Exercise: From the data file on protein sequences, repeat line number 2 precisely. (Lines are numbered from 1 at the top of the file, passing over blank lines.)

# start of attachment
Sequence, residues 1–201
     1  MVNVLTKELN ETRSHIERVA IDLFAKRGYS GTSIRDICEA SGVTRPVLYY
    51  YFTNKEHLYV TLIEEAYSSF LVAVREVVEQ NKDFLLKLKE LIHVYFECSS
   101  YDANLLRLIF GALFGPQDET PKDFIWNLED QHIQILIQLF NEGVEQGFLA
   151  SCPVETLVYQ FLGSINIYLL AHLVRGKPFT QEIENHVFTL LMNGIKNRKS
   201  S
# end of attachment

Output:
     1  MVNVLTKELN ETRSHIERVA IDLFAKRGYS GTSIRDICEA SGVTRPVLYY